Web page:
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Psychiatric-Mental Health Nursing

19.3 Stimulant Use Disorders

Psychiatric-Mental Health Nursing19.3 Stimulant Use Disorders

Learning Objectives

By the end of this section, you will be able to:

  • Identify stimulants that can be misused
  • Describe the symptoms of stimulant use disorder
  • Outline the role of the nurse in treating stimulant use disorder

Amphetamine-type substances, cocaine, and crack are stimulants; they cause the release of dopamine in the brain and are highly addictive because the flood of dopamine in the brain’s reward circuit strongly reinforces drug-taking behaviors. With continued drug use, the reward circuit adapts and becomes less sensitive to the drug. As a result, people take stronger and more frequent doses in an attempt to feel the same high and to obtain relief from withdrawal symptoms. Because the high from stimulants starts and fades quickly, people often take repeated doses in a form of binging, often giving up food and sleep while continuing to take the drug every few hours for several days. Both the use and withdrawal from amphetamines can cause psychosis with symptoms of hallucinations and paranoia (NIDA & National Institutes of Health, 2019).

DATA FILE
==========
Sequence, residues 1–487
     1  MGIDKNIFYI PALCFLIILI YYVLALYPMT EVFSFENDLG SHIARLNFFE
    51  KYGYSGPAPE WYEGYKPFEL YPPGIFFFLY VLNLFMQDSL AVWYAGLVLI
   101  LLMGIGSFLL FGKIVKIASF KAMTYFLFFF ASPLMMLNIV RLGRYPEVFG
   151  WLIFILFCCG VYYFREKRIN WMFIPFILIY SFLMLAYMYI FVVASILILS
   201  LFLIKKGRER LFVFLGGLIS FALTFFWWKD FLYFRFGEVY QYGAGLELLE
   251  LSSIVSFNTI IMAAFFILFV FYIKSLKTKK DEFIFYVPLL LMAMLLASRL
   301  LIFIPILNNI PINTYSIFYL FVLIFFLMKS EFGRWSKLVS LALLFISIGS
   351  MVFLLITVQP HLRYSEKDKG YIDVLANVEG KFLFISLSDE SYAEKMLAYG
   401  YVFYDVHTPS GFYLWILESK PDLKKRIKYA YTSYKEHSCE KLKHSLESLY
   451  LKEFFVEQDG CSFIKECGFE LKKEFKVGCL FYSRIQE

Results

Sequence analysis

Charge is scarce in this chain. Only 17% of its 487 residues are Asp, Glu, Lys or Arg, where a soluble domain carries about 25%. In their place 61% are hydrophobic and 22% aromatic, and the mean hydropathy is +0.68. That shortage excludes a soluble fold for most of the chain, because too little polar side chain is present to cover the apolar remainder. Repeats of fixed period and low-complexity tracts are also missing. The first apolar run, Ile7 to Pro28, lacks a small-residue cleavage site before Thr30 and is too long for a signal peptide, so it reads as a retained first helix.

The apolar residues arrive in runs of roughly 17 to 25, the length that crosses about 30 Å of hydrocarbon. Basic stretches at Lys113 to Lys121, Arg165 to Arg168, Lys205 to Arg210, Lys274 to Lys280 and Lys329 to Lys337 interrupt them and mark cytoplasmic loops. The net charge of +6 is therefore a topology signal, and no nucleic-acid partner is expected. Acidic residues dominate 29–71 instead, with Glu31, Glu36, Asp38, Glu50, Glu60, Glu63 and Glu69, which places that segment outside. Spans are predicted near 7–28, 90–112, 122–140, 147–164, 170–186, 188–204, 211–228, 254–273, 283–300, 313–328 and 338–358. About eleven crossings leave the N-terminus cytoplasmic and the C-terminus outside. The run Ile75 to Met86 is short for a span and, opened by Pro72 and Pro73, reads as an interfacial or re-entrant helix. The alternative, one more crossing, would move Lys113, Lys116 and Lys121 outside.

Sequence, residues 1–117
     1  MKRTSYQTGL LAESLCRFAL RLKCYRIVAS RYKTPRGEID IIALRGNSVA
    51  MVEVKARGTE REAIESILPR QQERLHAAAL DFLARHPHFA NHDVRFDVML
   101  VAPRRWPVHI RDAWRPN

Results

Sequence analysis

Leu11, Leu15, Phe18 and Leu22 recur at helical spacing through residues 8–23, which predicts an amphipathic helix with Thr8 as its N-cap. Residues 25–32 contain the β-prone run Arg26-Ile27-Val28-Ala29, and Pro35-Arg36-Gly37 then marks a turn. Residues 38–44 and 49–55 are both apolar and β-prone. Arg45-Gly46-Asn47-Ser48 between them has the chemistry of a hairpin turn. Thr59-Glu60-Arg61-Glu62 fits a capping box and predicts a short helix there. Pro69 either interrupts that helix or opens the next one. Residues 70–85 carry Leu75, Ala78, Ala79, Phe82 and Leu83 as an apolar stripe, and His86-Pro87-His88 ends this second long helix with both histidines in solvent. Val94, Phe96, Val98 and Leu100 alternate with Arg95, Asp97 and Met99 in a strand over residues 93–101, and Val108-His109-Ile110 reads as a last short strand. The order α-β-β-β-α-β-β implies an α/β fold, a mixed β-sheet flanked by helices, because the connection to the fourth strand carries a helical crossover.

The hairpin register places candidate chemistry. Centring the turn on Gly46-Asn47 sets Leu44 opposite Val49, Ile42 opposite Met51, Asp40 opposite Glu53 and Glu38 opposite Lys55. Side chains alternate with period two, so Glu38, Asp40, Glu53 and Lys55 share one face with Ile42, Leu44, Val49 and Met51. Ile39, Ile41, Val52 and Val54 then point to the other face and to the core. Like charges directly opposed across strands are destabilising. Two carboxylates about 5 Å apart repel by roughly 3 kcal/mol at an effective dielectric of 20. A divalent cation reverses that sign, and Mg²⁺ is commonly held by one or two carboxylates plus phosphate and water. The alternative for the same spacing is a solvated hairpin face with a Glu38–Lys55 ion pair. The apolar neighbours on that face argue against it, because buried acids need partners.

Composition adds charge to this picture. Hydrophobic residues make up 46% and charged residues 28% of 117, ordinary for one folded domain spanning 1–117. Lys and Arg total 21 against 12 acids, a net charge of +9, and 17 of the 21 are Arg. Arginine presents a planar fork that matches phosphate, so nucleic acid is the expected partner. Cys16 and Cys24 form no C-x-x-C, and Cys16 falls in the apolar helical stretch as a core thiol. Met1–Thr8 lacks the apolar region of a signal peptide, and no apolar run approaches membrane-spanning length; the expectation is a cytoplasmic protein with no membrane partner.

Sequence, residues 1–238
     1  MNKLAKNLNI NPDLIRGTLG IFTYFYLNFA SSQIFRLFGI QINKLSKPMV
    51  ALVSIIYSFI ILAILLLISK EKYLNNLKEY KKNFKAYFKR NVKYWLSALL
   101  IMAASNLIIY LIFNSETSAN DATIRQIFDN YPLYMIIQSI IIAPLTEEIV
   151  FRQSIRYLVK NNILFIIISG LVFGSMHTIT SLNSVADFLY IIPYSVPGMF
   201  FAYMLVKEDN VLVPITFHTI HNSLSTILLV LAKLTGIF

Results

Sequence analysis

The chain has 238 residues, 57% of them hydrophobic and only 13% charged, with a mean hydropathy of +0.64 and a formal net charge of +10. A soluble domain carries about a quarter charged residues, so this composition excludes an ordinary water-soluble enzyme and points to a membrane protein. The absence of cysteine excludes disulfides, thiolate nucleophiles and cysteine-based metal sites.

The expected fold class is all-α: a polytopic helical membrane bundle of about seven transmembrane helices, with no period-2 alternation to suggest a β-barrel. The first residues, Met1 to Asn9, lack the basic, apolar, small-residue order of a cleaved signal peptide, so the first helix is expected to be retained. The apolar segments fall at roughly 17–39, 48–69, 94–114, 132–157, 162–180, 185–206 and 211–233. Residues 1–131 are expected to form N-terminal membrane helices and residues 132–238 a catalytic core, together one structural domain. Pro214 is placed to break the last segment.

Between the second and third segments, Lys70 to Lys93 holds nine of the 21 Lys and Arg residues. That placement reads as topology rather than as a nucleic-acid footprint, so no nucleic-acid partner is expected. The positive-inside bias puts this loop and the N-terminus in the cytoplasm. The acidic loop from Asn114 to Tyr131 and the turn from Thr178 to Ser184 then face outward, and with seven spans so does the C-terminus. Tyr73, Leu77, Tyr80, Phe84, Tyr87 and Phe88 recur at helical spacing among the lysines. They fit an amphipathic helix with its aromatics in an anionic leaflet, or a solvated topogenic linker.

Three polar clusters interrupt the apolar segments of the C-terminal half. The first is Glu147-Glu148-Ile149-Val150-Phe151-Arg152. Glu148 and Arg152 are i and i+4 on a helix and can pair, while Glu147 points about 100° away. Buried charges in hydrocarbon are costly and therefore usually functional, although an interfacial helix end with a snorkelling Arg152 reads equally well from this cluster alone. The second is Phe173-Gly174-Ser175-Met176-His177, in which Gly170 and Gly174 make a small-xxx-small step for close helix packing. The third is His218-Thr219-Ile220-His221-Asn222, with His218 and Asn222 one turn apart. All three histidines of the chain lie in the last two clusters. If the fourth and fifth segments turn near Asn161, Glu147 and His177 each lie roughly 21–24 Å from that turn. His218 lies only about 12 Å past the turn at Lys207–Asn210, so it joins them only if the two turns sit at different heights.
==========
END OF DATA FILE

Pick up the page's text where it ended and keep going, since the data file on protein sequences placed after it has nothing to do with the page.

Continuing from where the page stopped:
Stimulants That Can Be Misused

Legal stimulants are most commonly prescribed to address attention-deficit hyperactivity disorder (ADHD) and include the medications Ritalin and Adderall, among others (NIDA, 2020a). These medications enhance cognition and focus in clients with ADHD. When used by a person who does not have ADHD, these substances can become addictive and cause a dangerous rise in body temperature, irregular heartbeat, anger, psychosis, and paranoia. It is estimated that 1.5 million people, aged twelve or older, misused prescription stimulants in 2021 (NIDA, 2020a). Also frequently misused, and often more easily accessible, are over-the-counter cold/allergy medications containing pseudoephedrine, a stimulant.